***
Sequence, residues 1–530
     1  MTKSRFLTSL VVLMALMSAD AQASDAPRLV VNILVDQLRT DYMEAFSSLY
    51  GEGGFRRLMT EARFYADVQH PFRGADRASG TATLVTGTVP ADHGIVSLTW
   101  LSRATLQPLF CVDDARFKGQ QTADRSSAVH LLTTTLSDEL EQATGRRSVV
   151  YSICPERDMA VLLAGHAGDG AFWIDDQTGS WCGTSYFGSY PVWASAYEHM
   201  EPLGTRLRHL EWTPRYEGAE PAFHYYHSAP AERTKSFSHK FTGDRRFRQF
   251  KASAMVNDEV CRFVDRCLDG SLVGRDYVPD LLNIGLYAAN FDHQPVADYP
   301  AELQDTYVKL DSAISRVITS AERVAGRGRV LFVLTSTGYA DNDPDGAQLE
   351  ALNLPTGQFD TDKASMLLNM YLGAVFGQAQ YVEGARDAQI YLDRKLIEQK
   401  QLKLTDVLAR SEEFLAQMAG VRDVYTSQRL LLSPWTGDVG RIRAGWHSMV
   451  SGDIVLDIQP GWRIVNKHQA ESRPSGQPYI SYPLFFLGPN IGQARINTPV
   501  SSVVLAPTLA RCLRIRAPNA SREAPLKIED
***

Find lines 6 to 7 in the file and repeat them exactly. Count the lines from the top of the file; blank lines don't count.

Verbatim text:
   201  EPLGTRLRHL EWTPRYEGAE PAFHYYHSAP AERTKSFSHK FTGDRRFRQF
   251  KASAMVNDEV CRFVDRCLDG SLVGRDYVPD LLNIGLYAAN FDHQPVADYP